Ex-aides question James Murdoch testimony over phone hacking

London: Putting News International chairman James Murdoch in a tight spot, two of his former executives have questioned his testimony to a parliamentary committee where he pleaded ignorance to the wider practice of phone hacking at his now defunct newspaper News of the World.

Raising doubts about the veracity of the phone-hacking account given by Murdoch before the Commons Culture, Media and Sport Committee, his former employees have said they had informed him of a critical piece of evidence in the scandal.

Murdoch, who was quizzed this week, had told the committee that he was not "aware" of an email suggesting the practice went wider than a "rogue" News of the World reporter.

But former NOTW editor Colin Myler and ex-News International legal manager Tom Crone last night said they "did inform" him of the email.

In a statement issued by News Corporation, Murdoch responded by saying: "I stand by my testimony to the select committee".

The testimony in question refers to the April 2008 payment authorised by Murdoch as part of an out-of-court settlement of more than 600,000 pounds to Gordon Taylor, chief executive of the Professional Footballers` Association, over the hacking of his phone.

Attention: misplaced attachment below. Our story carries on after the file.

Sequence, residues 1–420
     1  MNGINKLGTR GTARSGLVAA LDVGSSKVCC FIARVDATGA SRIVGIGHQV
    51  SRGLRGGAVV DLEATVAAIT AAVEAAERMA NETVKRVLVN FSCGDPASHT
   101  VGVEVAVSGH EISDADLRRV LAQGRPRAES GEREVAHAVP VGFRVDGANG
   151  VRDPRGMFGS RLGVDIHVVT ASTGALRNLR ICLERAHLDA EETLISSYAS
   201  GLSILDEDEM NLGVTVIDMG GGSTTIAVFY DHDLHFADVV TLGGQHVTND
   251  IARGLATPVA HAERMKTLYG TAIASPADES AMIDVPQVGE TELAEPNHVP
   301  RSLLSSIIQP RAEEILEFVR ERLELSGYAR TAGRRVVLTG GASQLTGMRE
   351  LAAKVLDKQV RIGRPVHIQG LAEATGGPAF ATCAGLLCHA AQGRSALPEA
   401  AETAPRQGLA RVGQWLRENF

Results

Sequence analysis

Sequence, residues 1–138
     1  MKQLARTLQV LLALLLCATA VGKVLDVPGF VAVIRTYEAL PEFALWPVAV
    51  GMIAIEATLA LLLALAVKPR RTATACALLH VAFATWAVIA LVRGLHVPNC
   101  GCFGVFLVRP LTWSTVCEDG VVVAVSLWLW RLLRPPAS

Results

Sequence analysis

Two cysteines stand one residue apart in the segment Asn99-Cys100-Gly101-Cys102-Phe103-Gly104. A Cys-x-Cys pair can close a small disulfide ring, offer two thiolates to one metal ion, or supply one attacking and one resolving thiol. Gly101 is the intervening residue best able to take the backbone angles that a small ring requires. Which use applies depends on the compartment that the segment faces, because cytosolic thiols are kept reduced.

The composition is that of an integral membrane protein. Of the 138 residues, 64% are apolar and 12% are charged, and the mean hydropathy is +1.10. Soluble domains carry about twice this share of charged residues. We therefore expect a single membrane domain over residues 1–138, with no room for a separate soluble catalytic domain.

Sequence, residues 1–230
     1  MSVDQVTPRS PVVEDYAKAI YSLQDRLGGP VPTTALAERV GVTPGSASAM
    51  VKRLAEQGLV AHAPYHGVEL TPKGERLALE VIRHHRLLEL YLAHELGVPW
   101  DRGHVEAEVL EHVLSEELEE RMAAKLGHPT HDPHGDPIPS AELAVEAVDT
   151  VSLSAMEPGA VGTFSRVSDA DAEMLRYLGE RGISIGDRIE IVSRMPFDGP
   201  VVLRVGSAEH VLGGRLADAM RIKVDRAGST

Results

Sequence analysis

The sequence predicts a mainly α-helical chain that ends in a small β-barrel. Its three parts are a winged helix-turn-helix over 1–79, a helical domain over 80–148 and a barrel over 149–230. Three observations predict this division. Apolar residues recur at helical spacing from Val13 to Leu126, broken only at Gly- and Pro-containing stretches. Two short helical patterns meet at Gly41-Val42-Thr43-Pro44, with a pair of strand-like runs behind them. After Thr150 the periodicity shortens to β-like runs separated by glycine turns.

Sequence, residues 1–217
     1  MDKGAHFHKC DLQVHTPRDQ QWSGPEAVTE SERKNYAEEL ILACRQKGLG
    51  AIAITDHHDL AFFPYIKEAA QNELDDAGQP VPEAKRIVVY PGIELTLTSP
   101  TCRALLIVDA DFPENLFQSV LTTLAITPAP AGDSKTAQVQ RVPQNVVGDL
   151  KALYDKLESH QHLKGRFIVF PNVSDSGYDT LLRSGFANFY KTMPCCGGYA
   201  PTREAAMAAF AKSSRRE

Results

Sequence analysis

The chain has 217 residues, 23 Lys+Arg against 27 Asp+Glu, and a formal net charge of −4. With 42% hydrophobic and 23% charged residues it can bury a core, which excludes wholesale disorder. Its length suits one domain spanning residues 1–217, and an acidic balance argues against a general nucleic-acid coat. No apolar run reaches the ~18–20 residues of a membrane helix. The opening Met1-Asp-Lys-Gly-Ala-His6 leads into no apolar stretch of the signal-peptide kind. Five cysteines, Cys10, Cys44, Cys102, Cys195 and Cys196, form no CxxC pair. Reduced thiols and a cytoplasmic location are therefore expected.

He said at that time he did not know the full extent of hacking that may have been going on at the tabloid.

The paper`s royal editor Clive Goodman and private investigator Glenn Mulcaire had both been jailed for hacking into phones of the royal household in 2007.

At the committee hearing, Labour`s Tom Watson asked Murdoch: "When you signed off the Taylor payment, did you see or were you made aware of the full" email suggesting hacking was more widespread than had been admitted.

To which, Murdoch replied: "No, I was not aware of that at the time… There was every reason to settle the case, given the likelihood of losing the case and given the damages – we had received counsel – that would be levied".

In their statement, Myler and Crone said: "Just by way of clarification relating to Tuesday`s CMS Select Committee hearing, we would like to point out that James Murdoch`s recollection of what he was told when agreeing to settle the Gordon Taylor litigation was mistaken.

"In fact, we did inform him of the `for Neville` email which had been produced to us by Gordon Taylor`s lawyers".

In an editorial titled `News Corp and phone hacking: Wilful blindness at the very top`, The Guardian said: "If Mr Murdoch`s evidence was wrong, it undermines all the clean broom assurances he and his father gave to parliament on Wednesday. A very great deal hangs on sorting out who is telling the truth".